Golden delicious

October 31, 2009

poachedeggHow to poach an egg

It’s the weekend. The weather is perfect. And in our house the breakfast cook is not me but Senor. The discrepancy between our skills with an egg became clear many years ago; he is the undisputed breakfast champion, which suits me perfectly (to say I am not a morning person is something of an understatement.)

Poaching an egg, I believe, is one of the most delicate and highly-skilled operations in the kitchen, and in my opinion the world is divided into two classes – people who can poach an egg and those who can’t. I am in the latter category; whenever I have tried I end up with a pan full of watery skeins of disintegrating egg white and a hard-yet-sodden little grey ball of yolk.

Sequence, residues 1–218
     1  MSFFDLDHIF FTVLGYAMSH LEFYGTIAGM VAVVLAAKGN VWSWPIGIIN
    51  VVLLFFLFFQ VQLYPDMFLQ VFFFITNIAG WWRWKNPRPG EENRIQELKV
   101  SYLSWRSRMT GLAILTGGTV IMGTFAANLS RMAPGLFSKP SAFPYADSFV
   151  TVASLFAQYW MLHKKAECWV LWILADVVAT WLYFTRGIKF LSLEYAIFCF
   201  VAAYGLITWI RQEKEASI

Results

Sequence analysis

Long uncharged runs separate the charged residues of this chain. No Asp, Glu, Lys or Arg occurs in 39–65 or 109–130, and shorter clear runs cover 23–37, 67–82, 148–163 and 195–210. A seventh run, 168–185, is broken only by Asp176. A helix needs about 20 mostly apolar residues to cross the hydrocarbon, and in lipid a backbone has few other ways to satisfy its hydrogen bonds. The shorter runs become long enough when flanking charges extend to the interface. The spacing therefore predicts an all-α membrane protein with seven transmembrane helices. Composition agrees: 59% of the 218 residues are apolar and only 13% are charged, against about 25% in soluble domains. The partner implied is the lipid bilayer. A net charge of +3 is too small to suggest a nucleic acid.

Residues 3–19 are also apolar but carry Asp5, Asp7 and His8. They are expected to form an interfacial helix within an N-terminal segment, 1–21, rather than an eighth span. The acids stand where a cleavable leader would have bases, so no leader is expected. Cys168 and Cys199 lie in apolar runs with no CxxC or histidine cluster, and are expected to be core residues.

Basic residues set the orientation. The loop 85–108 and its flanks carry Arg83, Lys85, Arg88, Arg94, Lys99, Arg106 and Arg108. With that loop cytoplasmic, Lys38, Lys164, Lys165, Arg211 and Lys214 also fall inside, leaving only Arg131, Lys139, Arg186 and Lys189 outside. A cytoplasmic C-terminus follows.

But Senor has developed the art of egg-poaching to perfection – the white is always just cooked through and perfectly un-drippy on the toast, and the yolk holds its shape before oozing gorgeously when cut.

So because I love you all, I hereby present Senor’s egg-poaching technique, dictated to and faithfully transcribed by yours truly.

  1. Take a non-stick frying pan & fill with about 5cm cold water. Make sure the pan is wide enough to poach a couple of eggs without them touching each other.
  2. Place pan over medium heat and immediately, and very gently, crack eggs into the water, making sure the white does not disperse too much.
  3. Now you play the waiting game. Use this time to make the toast and butter it.
  4. Occasionally test the firmness of the eggs by gently swishing the water near them to determine the wobble factor.
  5. When the egg is not quite as cooked as you like it, carefully remove it from the water with a non-stick slotted spatula, tilting the spatula for a few seconds to allow water to drain off. The whole egg-cooking procedure should take around 7 or 8 minutes.